“Major industries like pharmaceuticals companies and car manufacturers are already prepared. They’re waiting to see hat happens, and already built up stocks in the UK months ago. But who re we as a customs authority to give advice to the business world? We are simply asking small and medium-sized companies and other parties to hold off. And make the necessary deliveries to your customers before 29 March.”
According to Vanderwaeren, Zeebrugge faces a difficult problem, with customs officials there estimating that one in ten lorries passing through the port going to and coming from the UK will not have the proper documentation.
“If that’s the case, we have a big problem,” he said. “We have made plans with other law enforcement offices and with the private sector to get those lorries out of the terminal so that regular trade is not held up.”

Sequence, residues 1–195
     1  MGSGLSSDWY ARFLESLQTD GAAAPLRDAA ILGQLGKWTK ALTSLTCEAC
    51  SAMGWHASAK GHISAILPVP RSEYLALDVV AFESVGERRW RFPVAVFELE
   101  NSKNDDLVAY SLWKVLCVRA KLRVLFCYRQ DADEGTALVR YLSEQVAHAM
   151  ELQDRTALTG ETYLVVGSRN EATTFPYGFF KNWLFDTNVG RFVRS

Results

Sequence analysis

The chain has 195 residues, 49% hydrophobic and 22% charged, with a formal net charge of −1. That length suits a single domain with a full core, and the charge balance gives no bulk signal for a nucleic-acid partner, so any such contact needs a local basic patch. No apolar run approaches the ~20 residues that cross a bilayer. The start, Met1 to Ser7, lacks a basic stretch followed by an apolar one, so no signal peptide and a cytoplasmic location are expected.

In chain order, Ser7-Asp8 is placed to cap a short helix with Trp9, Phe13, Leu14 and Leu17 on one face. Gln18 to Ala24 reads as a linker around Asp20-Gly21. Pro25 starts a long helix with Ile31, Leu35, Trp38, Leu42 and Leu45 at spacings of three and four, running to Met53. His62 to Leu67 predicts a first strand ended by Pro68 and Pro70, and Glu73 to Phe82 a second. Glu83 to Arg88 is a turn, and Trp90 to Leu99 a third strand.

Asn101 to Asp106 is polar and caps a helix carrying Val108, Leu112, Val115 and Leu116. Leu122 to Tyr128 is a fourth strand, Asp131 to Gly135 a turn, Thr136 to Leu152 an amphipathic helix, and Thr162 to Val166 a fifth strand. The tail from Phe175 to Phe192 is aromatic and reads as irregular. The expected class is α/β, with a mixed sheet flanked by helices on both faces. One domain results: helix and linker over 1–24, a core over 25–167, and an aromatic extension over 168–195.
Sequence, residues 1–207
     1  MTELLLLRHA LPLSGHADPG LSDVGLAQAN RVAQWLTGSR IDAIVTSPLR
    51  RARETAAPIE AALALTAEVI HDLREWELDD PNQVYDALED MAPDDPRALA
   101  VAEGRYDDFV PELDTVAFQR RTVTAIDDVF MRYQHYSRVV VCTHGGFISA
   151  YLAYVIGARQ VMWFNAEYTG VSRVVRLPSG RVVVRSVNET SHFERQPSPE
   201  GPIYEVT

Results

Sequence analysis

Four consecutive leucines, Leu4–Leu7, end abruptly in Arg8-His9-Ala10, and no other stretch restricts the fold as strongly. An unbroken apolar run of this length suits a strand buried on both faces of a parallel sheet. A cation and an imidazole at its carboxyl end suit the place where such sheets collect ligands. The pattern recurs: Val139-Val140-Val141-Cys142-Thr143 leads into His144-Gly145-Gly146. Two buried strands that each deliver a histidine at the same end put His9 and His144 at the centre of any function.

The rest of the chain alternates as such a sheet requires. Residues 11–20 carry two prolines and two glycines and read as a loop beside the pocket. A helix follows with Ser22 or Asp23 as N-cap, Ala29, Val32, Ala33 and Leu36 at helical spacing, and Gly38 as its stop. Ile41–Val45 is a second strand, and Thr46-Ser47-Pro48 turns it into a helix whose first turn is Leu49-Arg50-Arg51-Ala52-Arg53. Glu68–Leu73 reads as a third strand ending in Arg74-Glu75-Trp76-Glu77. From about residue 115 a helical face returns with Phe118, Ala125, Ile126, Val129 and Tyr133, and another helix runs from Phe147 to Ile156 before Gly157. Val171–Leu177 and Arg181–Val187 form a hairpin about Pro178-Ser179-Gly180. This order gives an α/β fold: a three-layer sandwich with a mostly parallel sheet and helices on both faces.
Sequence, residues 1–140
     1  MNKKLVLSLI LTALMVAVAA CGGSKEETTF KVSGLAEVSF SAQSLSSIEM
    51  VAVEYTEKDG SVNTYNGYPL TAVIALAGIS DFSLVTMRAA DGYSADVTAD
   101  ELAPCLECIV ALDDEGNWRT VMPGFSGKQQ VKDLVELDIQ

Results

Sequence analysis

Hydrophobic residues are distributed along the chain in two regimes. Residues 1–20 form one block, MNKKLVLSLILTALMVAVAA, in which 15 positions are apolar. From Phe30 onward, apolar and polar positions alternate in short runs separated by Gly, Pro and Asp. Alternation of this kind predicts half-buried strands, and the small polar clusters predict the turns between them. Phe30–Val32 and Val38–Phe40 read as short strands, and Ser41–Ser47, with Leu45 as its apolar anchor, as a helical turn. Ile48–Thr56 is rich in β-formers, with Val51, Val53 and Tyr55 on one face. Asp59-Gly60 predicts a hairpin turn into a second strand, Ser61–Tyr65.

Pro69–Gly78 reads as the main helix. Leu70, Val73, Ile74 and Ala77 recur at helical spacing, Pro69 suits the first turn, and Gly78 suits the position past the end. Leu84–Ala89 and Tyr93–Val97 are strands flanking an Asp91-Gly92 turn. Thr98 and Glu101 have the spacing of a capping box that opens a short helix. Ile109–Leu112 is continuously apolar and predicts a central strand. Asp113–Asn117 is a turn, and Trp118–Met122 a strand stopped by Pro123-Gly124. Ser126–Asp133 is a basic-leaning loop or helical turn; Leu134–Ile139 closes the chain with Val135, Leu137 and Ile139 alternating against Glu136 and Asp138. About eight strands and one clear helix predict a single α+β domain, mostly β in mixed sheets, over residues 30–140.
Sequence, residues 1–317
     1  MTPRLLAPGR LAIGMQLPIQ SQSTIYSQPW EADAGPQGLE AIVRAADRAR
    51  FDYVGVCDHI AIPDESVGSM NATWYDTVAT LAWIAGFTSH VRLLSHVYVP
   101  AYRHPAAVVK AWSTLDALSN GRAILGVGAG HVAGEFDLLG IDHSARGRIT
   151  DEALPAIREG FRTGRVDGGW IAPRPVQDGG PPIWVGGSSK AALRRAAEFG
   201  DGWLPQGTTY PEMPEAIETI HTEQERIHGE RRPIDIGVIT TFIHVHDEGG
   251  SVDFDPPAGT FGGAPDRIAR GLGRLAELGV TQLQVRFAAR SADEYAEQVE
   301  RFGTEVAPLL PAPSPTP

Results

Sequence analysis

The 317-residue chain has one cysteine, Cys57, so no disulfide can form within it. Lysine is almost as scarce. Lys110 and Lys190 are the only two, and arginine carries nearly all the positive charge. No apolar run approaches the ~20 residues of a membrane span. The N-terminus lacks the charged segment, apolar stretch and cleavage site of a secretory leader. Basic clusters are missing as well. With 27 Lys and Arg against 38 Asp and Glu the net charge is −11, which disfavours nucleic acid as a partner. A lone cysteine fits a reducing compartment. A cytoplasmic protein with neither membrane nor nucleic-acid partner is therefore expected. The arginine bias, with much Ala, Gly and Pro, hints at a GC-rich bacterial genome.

Belgian customs have written to 20,000 companies who do business with the UK to inform them that after Brexit, they will need to have an Economic Operators Registration and Identification (EORI) number for trading with Britain. So far, despite a call centre being set up to answer any queries, only 4,700 companies – fewer than one in five – have responded.
The call from the customs chief was criticised by Voka, the Flemish chamber of commerce, who have been counselling good preparation rather than any Brexit pause.
“We have already gathered our companies together and prepared along with them, in dozens of sessions, with the support of Flanders Investment and Trade and even with the help of customs themselves, to encourage them to build up stocks,” Voka CEO Hans Maertens told Trends magazine. The suggestion of a Brexit pause, Maertens said, would simply create alarm and anxiety.